Senate Panel Passes Residency Requirements
Around the State
A Senate committee gave unanimous approval Wednesday to new residency standards for lawmakers, paving the way for the measure to pass the full chamber on the first day of the upcoming legislative session.
The residency standards (SCR 954) approved by the Senate Rules Committee are aimed at clarifying the meaning of a constitutional requirement that legislators live in their districts.
Sen. Jack Latvala, R-Clearwater, has waged a campaign to draw attention to accusations that some Democratic lawmakers -- including Sen. Maria Sachs, D-Delray Beach, who in 2012 defeated one of Latvala's supporters in his race for the Senate presidency -- don't live in their districts. Sachs denies the allegations.
Senate Rules Committee Chairman John Thrasher, R-St. Augustine, said the ability to punish members would still lie with the Legislature. The measure approved Wednesday would make it clear to lawmakers what counts as an official residence.
"This is really for guidance of the members," Thrasher said. "But there is a mechanism there, if the Legislature finds that somebody has violated the rule, to remove them from office, ultimately."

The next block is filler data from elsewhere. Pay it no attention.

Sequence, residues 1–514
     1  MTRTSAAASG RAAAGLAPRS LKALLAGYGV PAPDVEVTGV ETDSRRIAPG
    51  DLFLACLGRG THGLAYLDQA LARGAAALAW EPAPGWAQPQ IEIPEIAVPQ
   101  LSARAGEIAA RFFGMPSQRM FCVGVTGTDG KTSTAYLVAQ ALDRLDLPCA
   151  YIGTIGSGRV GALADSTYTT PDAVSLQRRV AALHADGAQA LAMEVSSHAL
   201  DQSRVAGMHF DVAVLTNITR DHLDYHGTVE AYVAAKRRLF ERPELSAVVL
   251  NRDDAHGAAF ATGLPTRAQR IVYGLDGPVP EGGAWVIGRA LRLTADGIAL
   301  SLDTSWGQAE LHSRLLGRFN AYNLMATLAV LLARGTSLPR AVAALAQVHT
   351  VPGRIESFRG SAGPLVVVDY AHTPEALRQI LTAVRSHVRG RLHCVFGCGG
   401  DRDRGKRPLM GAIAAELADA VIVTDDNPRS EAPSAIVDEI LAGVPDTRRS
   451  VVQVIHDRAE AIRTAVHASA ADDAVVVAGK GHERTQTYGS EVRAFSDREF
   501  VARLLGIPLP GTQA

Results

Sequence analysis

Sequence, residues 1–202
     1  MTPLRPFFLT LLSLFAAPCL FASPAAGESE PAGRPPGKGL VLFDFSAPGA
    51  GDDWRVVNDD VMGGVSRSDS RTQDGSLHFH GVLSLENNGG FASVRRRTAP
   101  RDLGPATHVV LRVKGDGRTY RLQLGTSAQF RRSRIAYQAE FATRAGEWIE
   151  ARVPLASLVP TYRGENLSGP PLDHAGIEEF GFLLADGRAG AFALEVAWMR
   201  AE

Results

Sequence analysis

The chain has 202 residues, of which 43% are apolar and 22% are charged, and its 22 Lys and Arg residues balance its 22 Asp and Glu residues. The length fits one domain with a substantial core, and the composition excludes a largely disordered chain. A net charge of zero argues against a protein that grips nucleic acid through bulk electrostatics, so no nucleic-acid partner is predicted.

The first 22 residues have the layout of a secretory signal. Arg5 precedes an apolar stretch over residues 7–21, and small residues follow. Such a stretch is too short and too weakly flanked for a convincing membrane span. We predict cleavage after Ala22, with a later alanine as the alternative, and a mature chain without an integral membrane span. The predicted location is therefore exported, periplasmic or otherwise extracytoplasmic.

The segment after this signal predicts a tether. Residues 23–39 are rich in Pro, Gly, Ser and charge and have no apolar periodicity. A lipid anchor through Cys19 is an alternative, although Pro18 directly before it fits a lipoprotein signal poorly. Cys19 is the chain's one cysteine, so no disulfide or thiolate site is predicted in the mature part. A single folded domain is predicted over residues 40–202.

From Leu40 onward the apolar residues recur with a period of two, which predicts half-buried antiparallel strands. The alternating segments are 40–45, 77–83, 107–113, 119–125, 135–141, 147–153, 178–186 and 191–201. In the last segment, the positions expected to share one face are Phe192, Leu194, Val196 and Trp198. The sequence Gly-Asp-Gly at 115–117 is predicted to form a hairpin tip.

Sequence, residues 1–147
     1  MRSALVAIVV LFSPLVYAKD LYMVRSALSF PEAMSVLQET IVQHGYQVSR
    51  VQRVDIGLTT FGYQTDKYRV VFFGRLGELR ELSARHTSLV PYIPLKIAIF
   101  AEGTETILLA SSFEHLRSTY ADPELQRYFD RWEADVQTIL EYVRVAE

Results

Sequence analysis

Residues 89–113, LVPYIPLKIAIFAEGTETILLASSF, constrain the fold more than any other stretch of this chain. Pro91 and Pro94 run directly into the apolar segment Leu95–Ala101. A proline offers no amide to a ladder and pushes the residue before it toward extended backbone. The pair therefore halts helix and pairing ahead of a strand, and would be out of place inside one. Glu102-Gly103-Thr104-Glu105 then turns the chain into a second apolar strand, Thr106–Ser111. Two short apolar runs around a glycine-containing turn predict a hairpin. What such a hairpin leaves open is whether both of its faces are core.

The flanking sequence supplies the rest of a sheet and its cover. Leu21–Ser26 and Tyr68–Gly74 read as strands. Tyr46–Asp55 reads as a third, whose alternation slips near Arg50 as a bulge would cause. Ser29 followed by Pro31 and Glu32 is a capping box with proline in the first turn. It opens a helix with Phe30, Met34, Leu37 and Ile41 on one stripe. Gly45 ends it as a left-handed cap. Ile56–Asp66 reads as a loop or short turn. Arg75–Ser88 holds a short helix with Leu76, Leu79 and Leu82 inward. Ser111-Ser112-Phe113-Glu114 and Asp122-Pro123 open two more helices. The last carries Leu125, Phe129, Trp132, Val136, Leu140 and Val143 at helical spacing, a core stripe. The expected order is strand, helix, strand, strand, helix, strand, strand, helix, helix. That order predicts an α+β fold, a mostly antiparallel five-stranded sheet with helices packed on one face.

Latvala applauded the measure, which he said was "not perfect" but is an improvement.
"I think that this will go a long way in giving some guidance to members of the Legislature on how they're supposed to conduct themselves and where they're supposed to live and how to determine where their real residence is, for anybody that has a hard time figuring that out," he said.
Under the bill, lawmakers' residencies could be determined by a list of 13 factors, including where they are registered to vote, where they claim a homestead exemption, and which address was listed on their driver's licenses. Each lawmaker would have to file paperwork after every election saying that he or she lives in the right district.
Similar legislation is set to be considered Thursday by the House Rules and Calendar Committee. Both chambers hope to pass the joint rule on March 4, the opening day of the 2014 session.
Latvala, who is engaged in a battle for the Senate presidency in the legislative term following the 2016 elections, has been hammering the residency issue for months.
Sachs, one of Latvala's main targets, has faced questions because the home she and her husband own is outside the District 34 boundaries. Sachs at one time claimed to live in a Fort Lauderdale condo owned by a friend but earlier this year changed her voter registration to a condominium in Delray Beach.
Sachs says her residency has been established by state reviews.